I am with the others. Is there a reason that you could not use a ring rotor
or swing arm? A whole lot less engineering there. Is this thing tapered all
the way up or is it an SSV type tower that has less taper the higher you
go? I have seen installations that used a long mast section going through 2
sections with a bearing plate between and a BIG rotator at the bottom of
the mast. But with a tapered tower that could be a real challenge. And you
need a BIG, STRONG mast to do it with for any real capacity. Rotating the
whole tower would take a whole lot of steel to hold the thing down. I don't
think it would be financially feasible to do it that way.
If you decide to go through with it please keep us posted on the project &
what you decide. We all like to learn from others experience.
At 05:03 AM 1/12/2006, David J Windisch wrote:
>Other peoples' ideas on mechanical arrangements for making all or part of a
>96-ft self-supporting three-legged tower, 28ft-sqd at 80MPH, rotate, are
>what I'm interested in reading.
>Ideas I've considered are:
>1. Stationary post in concrete base, with thrust-bearing plates over post,
>plates attached to bottom tower section legs; lazy-susan "dumpster" wheels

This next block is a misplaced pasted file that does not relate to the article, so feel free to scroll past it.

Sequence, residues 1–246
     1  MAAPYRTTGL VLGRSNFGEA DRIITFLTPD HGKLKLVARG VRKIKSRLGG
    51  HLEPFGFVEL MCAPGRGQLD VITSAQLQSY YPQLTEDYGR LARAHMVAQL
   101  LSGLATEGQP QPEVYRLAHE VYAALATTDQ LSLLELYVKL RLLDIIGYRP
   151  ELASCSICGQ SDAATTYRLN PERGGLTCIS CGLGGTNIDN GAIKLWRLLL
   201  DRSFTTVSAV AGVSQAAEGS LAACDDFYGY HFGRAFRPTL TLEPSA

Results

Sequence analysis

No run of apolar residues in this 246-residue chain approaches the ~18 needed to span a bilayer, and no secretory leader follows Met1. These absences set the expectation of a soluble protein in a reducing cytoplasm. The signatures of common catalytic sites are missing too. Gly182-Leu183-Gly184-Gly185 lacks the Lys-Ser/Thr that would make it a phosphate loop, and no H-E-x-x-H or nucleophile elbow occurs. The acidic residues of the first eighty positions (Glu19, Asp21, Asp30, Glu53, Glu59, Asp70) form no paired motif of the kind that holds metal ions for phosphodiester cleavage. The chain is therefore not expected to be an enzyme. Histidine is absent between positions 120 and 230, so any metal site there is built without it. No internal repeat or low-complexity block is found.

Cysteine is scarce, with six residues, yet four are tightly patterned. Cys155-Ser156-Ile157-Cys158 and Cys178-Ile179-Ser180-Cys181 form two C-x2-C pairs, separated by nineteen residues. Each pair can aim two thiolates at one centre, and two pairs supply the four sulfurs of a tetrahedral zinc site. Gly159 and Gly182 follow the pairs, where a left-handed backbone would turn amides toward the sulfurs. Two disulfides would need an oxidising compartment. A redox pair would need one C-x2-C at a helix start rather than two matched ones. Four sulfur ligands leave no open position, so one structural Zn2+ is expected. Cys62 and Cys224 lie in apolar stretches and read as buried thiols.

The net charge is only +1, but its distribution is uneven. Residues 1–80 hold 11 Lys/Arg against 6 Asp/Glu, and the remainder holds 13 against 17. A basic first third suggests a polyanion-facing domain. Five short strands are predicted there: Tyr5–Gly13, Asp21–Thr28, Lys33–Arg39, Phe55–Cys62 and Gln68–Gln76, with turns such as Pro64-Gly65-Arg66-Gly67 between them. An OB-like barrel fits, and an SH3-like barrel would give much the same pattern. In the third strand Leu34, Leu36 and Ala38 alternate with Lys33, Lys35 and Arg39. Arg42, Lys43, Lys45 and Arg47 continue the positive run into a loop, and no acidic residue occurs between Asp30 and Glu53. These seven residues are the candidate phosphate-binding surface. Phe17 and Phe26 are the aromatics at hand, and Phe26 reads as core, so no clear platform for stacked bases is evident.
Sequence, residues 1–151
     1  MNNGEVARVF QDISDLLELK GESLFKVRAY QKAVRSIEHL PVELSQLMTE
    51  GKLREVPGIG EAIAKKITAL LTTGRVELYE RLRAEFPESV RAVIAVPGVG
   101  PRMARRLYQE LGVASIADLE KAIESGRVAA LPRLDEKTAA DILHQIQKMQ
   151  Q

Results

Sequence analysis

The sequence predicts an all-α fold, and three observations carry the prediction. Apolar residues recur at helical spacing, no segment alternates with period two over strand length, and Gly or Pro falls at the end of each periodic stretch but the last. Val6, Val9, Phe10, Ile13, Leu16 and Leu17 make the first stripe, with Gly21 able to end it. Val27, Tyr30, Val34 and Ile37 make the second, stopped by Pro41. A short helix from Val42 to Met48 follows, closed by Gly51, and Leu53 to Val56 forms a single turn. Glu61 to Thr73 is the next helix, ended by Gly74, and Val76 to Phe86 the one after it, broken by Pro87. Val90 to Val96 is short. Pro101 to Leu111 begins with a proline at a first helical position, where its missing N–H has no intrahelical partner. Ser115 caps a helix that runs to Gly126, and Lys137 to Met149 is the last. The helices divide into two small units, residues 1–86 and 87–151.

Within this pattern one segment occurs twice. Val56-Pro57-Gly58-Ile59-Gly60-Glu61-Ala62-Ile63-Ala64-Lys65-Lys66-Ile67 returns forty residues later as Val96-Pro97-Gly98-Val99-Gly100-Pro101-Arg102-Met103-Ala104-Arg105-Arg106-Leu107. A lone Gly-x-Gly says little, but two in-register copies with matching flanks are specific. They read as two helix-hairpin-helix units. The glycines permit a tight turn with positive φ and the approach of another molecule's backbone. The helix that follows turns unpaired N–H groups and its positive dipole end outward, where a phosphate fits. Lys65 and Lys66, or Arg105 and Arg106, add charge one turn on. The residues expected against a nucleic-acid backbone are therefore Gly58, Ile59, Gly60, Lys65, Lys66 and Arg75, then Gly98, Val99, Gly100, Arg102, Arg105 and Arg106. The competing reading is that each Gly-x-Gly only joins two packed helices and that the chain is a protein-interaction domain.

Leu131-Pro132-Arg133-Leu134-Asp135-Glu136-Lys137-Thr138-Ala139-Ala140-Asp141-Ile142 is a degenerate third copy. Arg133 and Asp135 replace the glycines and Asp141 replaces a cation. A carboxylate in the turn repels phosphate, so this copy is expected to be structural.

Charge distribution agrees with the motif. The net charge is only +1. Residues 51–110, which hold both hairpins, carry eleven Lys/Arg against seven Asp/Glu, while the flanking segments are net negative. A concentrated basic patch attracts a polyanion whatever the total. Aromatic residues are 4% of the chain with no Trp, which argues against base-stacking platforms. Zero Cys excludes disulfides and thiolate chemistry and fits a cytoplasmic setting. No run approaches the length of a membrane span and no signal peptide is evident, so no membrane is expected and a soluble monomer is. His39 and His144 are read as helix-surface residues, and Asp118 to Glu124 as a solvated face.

>on tower legs/bottom plate to bear vertical load and allow legs to turn on
>2. Sturdy mast and thrustbearing plates between 2 separated sections higher
>up the tower, with vertical-load bearing-plates between separated sections;
>3. Rotating post set in concrete base, with turntable suitable for attaching
>It's Christmas Day, I have the tower, no holes are dug or further work done,
>the MPE wet-stamp fella has asked for "prior art" to evaluate, and the twp
>has conceded that PRB-1 does apply. Oh, yeh, 20 of my closest neighbors
>have signed letters stating they have no objection to what I'm planning to
>Any ideas out there, please?
>TIA and 73,
>TowerTalk mailing list
Jim Rhodes K0XU
Experience is the thing you have left when everything else is gone.
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